When it comes to saving money, one of the first questions benefit plan decision makers ask is “Where can we start cutting costs?” While this is one way to achieve savings, the costs associated with the plan are only half the equation. The other half revolves around employee health and productivity. What if employers shifted their mindsets by viewing these costs as an investment? Then, the focus becomes productivity and the bottom line, ultimately getting the most out of the investment.
Before decision makers can make this mental shift, from cost to investment, it warrants taking a look at some of the common barriers to employee health and productivity and the resulting effects.
High deductible health plans (HDHPs)
It’s important to consider if HDHPs cause patient outcomes to deteriorate. Are employees waiting until they are chronically ill to be seen by a physician in order to avoid paying the high deductible? Additionally, if employees can’t bridge the deductible for their prescriptions or are waiting to fill them, this can lead to the worsening of an existing medical condition or the development of additional ailments.
Presenteeism & absenteeism
Employees who are too sick to work will call out from work, typically. This is known as absenteeism. High rates of absenteeism affect not only productivity but also the bottom line. Even worse, what are employees doing if they are ill, yet don’t take time off of work? They are at work but not working to their full ability. This is known as presenteeism, which comes with a separate basket of negative consequences, including reduced efficiency, workplace epidemics and further productivity loss.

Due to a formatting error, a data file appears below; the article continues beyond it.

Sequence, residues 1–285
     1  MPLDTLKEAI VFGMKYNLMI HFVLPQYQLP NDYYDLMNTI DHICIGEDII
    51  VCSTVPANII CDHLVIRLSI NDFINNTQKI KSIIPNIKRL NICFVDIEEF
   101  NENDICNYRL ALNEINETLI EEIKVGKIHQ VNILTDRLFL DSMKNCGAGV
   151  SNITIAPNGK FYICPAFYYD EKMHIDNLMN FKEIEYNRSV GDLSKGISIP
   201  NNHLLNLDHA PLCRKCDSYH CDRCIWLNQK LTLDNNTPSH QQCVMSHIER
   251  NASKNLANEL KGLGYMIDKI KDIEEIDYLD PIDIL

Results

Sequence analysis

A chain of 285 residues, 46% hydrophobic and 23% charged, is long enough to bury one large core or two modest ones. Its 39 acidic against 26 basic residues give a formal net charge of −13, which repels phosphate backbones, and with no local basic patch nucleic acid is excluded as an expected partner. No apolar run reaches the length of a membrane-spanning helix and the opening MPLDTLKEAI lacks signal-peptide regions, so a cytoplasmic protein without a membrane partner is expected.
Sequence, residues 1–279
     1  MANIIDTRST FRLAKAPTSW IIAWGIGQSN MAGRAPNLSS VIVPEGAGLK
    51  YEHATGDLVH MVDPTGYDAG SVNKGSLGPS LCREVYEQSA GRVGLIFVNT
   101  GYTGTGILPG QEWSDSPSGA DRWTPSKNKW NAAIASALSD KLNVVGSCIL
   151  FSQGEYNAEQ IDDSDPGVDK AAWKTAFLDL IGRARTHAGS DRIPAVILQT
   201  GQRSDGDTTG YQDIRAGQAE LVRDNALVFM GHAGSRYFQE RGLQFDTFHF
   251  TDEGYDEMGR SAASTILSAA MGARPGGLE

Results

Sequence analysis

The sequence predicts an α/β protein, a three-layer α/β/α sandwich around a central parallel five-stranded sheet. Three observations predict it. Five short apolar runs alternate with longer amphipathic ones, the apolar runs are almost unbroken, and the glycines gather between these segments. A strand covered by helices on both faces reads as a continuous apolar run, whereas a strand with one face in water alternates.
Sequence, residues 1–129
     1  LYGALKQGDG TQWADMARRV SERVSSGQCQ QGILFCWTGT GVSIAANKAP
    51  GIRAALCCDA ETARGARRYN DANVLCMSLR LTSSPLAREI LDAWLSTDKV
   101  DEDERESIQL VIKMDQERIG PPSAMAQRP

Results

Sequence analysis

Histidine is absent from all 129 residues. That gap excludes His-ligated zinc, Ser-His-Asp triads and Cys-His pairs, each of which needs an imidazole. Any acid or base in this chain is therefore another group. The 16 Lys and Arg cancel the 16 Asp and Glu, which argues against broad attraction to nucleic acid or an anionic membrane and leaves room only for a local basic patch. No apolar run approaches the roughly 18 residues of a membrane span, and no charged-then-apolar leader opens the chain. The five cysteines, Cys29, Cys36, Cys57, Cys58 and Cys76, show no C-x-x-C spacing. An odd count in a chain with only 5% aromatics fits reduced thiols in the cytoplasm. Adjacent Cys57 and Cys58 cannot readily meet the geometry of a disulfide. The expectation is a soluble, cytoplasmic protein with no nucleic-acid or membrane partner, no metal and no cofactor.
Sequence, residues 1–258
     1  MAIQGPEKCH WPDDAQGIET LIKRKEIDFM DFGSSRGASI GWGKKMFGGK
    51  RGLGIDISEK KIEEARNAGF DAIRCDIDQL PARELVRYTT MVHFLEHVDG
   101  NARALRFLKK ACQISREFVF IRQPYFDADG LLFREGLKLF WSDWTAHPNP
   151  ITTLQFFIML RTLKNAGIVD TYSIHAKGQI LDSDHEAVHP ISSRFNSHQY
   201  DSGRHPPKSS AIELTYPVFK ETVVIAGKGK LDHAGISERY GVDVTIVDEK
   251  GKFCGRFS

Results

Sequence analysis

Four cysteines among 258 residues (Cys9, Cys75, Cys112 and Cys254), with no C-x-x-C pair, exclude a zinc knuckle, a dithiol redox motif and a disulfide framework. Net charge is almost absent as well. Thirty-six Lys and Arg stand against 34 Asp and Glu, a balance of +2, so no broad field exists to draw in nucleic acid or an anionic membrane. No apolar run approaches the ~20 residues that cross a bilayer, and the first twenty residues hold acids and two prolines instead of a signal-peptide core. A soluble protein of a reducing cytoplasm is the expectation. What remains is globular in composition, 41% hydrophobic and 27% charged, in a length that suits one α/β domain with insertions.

So, how can your investment in your employees result in increased health and productivity?
Preventive care & wellness
Simply put, preventive care is taking steps to stay healthy. Examples include an enhanced health care plan, encouraging employees to go for their yearly well-visit, simplifying the means to receive a flu shot or other vaccination (perhaps at a workplace flu clinic) and implementing a wellbeing program. The goal is to proactively stop illnesses before they start.
Enhanced Rx benefits
As an employer, would you rather fund the cost of statins or incur the cost of heart attacks or strokes? The same question can be asked for smoking-related cancers. It would be more cost-effective to pay for smoking cessation methods. What about diabetes-related diseases? The smart and economical move is to make it easier and more affordable for these medications to be obtained.
Putting it all together
Let’s take a look at cutting costs and reinvesting . . .
Assume a 1,000 member health plan with each member filling 10 scripts per year costing, on average, $100. That amounts to a $1 million drug spend. If the employer were able to identify ways to reduce spending by $100,000 (the first half of the equation), they would have an extra $100,000 with which to do whatever they please. They could add it to the bottom line or reinvest it into employees, possibly reducing co-pays as an incentive for employees to get and take their medications. Seek to garner positive outcomes through medication adherence. This scenario starts with saving just $100,000 and reinvesting it in order to eventually add more than $100,000 to the bottom line. Logic suggests a reduced overall health care spend by way of better patient outcomes.
Shifting from a cost to investment mentality can be summarized as “what is put into employees is what you get out of employees.” Happy and healthy employees are more productive, which ultimately generates more revenue than only cutting costs.